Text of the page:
It is beginning to look like Mark Hurd, chairman and chief executive officer of IT giant Hewlett-Packard, has one of the easiest jobs in the market. Maybe second only to Sam Palmisano, IBM's chairman and CEO and Hurd's chief rival in the IT space.
For the fiscal fourth quarter ending October 31, HP reported sales of $33.6bn, up 18.8 per cent. Taking out HP's acquisition of services giant Electronic Data Systems, which closed in August, HP's revenues rose by only 5 per cent, and if you take out currency effects as well, then sales only rose within local currencies across HP by 2 per cent. This is about as good as you can expect in this economic situation. HP's net earnings actually declined in the quarter, to $2.11bn, down 2.4 per cent, but through the magic of software buybacks, earnings per share rose by 3 pennies to 84 cents in Q4.
Hurd said in a call with Wall Street analysts after the market closed today that HP capped off a record year with a solid quarter, and he said he was pleased with HP's positioning within the economic meltdown. "Great companies sell in tough times, and in tough times, people turn to great companies," Hurd explained. He said that the company is leaner and more flexible and that it still had places where it could cut costs - specifically, about $1bn in costs in the coming fiscal year relating to the EDS acquisition.
Cathie Lesjak, HP's chief financial officer, chimed in that HP would be tightening discretionary spending, travel expenses, curtailing hiring of employees, extending plant shutdowns in the holiday season, and doing other things to chop costs. Hurd also said that HP was more confident than you might think because a third of its sales and half of its profits come from recurring revenue streams (services and consumables), and that the company's execution, bolstered by a less complex ERP, CRM, and SCM system installed this year, is better. "This is a big deal for us," said Hurd.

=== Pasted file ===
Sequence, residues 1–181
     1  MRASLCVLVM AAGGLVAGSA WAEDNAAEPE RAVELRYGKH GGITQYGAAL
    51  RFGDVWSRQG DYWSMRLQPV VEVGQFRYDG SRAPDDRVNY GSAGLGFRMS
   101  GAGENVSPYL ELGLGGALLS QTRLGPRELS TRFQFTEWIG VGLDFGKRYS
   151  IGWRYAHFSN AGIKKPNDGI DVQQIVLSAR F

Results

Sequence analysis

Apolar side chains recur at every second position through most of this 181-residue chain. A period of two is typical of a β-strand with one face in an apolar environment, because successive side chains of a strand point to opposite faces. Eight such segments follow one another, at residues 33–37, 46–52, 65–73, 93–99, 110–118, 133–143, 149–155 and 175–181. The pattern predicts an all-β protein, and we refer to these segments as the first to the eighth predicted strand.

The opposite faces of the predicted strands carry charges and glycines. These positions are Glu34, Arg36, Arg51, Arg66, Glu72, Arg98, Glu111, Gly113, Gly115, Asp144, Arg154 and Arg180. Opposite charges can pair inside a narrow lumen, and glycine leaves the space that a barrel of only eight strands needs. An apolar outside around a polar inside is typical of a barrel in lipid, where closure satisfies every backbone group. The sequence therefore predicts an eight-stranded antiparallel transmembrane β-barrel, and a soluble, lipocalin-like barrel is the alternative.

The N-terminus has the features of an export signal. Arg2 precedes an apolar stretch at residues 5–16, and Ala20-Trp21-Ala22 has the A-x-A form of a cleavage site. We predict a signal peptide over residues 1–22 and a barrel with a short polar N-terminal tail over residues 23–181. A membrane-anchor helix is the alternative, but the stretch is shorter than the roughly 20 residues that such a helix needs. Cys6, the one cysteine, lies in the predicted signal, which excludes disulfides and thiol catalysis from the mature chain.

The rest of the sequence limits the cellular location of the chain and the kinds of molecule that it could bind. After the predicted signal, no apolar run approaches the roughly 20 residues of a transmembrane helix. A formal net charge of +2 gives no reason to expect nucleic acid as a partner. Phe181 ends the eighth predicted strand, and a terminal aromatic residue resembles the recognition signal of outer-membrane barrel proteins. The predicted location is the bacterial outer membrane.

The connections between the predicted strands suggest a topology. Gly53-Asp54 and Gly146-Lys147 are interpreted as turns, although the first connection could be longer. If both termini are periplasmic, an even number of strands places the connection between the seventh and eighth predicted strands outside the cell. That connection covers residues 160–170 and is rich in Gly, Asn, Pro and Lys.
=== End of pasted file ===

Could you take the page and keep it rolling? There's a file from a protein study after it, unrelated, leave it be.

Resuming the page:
With the EDS acquisition, HP's Technology Solutions Group is now the largest part of the company. Sales in TSG were $14.5bn in Q4, up 42.5 per cent. TSG sells servers, storage, software, and services to enterprises, and it accounted for $705m in operating profits during the quarter.
Sales in the Enterprise Storage and Servers division within TSG were down 1 per cent, to just over $5bn. Within that division, the Industry Standard Servers unit, which peddles ProLiant rack and tower and BladeSystem blade servers based on X64 processors, saw sales drop in by 2.7 per cent to $2.98bn. ISS unit shipments were up 7 per cent in the quarter, but pricing seemed to be aggressive, with revenues down 3 per cent. Blade server unit shipments rocketed up by 30 per cent in the quarter, and sales rose even faster at 43 per cent, but the growth is against a relatively small base and was not enough to make up for declines in tower and rack server sales in the ISS unit.
The Business Critical Systems unit, which sells Itanium-based Integrity machines and legacy Unix and proprietary systems, saw a drop of 9.6 per cent to $935m in the quarter. Integrity server sales were up 6 per cent and comprised 83 per cent of sales in the BCS unit. This means that sales of AlphaServer and HP 9000 legacy systems collapsed in the quarter to around $160m. Disk and tape storage was a relative bright spot in the ESS group, with sales up 13 per cent to $1.15bn. Midrange EVA storage arrays saw 16 per cent sales growth, and high-end XP arrays rose by 9 per cent.